According to new research published online this week, Children with asthma may be at higher obesity risk later in childhood or in adolescence.
Researchers from the University of Southern California found that young children with asthma were 51 percent more likely to become obese over the next 10 years than children who did not have asthma.
However, the good news is that the use of asthma rescue medications reduced the risk of becoming obese by 43 percent.
“Asthma and obesity often occur together in children, but it is unclear whether children with asthma are at higher risk for onset of obesity or whether obese children develop asthma, or both,” said Zhanghua Chen, lead author and a postdoctoral research associate of preventive medicine at the University of Southern California.
“Our findings add to the literature that early-life asthma history may lead to increased risk of childhood obesity,” Chen said.
Chen and her colleagues looked at 2,171 kindergarteners and first graders who were not obese at the time they were enrolled for the study.
At enrollment, 13.5 percent of the children had asthma.
During a follow-up of up to 10 years, 15.8 percent of all these children developed obesity.
Researchers confirmed study results in a different group of children, who were recruited in the fourth grade and followed until high school graduation.
They found several risk factors for obesity are more prevalent among children with asthma, including reduced physical activity and potential adverse effects from asthma medications.
The results also showed that the use of rescue asthma medications appeared to reduce the risk of developing obesity.
The researchers called the fact that rescue, but not controller, asthma medications reduced obesity “a surprise” and said it warranted further study.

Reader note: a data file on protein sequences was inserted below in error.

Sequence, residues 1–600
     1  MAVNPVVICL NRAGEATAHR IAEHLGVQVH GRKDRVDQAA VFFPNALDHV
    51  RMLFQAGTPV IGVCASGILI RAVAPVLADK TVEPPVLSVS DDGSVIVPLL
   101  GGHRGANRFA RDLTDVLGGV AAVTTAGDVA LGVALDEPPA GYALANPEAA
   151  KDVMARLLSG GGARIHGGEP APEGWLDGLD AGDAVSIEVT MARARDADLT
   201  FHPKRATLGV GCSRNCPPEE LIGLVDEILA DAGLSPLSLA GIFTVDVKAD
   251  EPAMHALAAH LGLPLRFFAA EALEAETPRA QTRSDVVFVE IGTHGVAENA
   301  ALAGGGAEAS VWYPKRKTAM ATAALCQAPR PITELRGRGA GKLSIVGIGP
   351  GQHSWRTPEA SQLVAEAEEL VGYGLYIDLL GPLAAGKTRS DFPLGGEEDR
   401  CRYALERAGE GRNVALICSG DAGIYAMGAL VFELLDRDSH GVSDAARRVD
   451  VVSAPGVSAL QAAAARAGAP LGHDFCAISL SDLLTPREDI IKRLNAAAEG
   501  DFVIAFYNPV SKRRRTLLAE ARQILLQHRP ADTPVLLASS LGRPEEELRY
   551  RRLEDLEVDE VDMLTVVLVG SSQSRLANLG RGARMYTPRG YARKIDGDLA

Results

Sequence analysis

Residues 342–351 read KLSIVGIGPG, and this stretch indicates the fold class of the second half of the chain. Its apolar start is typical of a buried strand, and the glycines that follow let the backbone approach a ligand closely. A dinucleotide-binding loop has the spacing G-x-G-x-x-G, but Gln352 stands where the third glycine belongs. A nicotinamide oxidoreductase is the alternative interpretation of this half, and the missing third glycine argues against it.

Overall, the study reinforced the importance of early diagnosis and treatment of asthma, which “may avoid the vicious cycle of asthma increasing the development of obesity with obesity subsequently causing increased asthma symptoms and morbidity leading to further weight gain,” they wrote.
The findings were published in the American Journal of Respiratory and Critical Care Medicine.
Obesity is a medical condition in which excess body fat has accumulated to the extent that it may have a negative effect on health. People are generally considered obese when their body mass index (BMI), a measurement obtained by dividing a person’s weight by the square of the person’s height, is over 30 kg/m2, with the range 25–30 kg/m2 defined as overweight. Some East Asian countries use lower values. Obesity increases the likelihood of various diseases, particularly heart disease, type 2 diabetes, obstructive sleep apnea, certain types of cancer, and osteoarthritis.
Obesity is most commonly caused by a combination of excessive food intake, lack of physical activity, and genetic susceptibility. A few cases are caused primarily by genes, endocrine disorders, medications, or mental illness. The view that obese people eat little yet gain weight due to a slow metabolism is not generally supported. On average, obese people have a greater energy expenditure than their thin counterparts due to the energy required to maintain an increased body mass.
Obesity is mostly preventable through a combination of social changes and personal choices. Changes to diet and exercising are the main treatments. Diet quality can be improved by reducing the consumption of energy-dense foods, such as those high in fat and sugars, and by increasing the intake of dietary fiber. Medications may be taken, along with a suitable diet, to reduce appetite or decrease fat absorption. If diet, exercise, and medication are not effective, a gastric balloon or surgery may be performed to reduce stomach volume or bowel length, leading to feeling full earlier or a reduced ability to absorb nutrients from food.
Obesity is a leading preventable cause of death worldwide, with increasing rates in adults and children. In 2014, 600 million adults (13%) and 42 million children under the age of five were obese. Obesity is more common in women than men. Authorities view it as one of the most serious public health problems of the 21st century. Obesity is stigmatized in much of the modern world (particularly in the Western world), though it was seen as a symbol of wealth and fertility at other times in history and still is in some parts of the world. In 2013, the American Medical Association classified obesity as a disease.